In a star-schema database, facts are usually acquired and stored at the finest grain.
So let's take the SalesFact example from Figure 10 in http://www.ciobriefings.com/Publications/WhitePapers/DesigningtheStarSchemaDatabase/tabid/101/Default.aspx
Right now, the grain is Product, Time (at a day granularity), Store.
Let's say you want that rolled up by month, pre-aggregated (this particular example is very unlikely to need pre-aggregation, but if the sales were detailed by customer, by minute, pre-aggregation might be necessary).
Then you would have a SalesFactMonthly (or add a grain discrimination to the existing fact table since the dimensions are the same - sometimes in aggregation, you may actually lose dimensions just like you can lose grain, for instance if you only wanted by store and not by product).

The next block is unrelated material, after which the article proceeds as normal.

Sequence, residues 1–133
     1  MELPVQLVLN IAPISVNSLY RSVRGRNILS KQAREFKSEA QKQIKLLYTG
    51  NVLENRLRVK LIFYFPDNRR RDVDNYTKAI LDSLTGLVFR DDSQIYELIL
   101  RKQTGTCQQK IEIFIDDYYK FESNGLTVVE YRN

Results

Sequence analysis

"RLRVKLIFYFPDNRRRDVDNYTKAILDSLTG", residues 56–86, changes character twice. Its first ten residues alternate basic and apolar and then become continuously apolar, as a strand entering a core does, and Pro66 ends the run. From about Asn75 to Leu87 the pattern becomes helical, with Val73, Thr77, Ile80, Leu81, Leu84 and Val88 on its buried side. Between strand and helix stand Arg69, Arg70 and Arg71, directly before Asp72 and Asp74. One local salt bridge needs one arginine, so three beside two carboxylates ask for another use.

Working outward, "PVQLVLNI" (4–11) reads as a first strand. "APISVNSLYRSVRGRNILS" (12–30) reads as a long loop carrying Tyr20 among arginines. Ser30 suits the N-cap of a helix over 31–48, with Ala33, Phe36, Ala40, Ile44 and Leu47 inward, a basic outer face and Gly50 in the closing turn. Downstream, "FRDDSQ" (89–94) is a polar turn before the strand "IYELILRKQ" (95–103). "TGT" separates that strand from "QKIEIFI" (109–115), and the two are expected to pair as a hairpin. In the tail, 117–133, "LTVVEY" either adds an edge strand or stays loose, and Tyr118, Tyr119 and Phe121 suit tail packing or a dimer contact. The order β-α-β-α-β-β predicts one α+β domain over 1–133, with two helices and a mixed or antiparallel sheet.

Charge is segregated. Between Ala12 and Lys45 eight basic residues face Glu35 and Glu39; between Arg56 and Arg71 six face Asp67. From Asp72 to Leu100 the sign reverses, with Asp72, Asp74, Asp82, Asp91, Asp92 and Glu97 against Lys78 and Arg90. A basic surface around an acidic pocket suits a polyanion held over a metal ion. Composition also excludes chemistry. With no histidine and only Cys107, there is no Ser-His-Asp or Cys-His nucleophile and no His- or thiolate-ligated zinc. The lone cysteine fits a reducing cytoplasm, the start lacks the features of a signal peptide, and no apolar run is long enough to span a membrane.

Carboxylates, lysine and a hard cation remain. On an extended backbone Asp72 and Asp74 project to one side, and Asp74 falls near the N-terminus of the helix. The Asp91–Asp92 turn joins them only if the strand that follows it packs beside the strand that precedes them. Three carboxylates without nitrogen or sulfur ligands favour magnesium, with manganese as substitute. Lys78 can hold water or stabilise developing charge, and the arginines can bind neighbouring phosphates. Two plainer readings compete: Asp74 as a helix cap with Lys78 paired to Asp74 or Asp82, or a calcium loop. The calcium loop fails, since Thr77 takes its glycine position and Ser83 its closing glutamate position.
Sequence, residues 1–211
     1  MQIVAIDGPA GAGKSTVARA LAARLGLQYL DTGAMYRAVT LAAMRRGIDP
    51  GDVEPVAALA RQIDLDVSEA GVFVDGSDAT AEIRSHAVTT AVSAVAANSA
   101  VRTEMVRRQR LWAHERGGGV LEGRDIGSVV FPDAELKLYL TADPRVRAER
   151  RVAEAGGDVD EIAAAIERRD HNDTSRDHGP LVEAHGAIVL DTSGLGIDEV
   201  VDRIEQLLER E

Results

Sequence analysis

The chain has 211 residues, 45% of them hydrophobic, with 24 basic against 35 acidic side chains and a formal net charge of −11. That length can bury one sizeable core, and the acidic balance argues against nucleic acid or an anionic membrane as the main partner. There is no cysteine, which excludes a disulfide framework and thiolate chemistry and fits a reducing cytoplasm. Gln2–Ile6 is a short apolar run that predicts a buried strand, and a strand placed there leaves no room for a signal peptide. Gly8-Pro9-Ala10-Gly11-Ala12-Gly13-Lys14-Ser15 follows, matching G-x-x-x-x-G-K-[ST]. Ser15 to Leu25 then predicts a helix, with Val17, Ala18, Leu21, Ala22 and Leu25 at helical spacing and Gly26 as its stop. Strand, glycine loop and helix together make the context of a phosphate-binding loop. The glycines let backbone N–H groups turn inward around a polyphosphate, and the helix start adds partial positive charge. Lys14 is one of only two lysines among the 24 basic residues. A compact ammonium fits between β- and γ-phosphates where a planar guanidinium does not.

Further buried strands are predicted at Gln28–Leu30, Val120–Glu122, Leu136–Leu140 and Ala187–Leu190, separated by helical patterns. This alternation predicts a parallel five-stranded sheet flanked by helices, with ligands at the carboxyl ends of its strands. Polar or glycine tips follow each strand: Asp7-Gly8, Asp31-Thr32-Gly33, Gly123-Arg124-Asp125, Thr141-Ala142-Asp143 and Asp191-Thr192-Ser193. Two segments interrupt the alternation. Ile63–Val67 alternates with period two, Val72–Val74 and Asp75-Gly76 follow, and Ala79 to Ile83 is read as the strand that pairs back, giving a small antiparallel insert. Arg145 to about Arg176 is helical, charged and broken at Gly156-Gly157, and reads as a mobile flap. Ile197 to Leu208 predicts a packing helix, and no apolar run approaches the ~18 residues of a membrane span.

TimeID (only linking to DayOfMonth = 1)
And you would get this by doing:
INSERT INTO SalesFactMonthly (ProductID, TimeID, StoreID, SalesDollars)
,(SELECT TimeID FROM TimeDimension WHERE Year = td.Year AND Month = td.Month AND DayOfMonth = 1) -- One way to find the single month dimension row
FROM SalesFact AS sf
INNER JOIN TimeDimension AS td
ON td.TimeID = sf.TimeID
GROUP BY td.Year, td.Month
What happens in cubes is you basically have fine-grain stars and pre-aggregates together - but every implementation is proprietary - sometimes you might not even have the finest-grain data in the cube, so it can't be reported on. But every way you might want to slice the data needs to be stored at that grain, otherwise you can't produce analysis that way.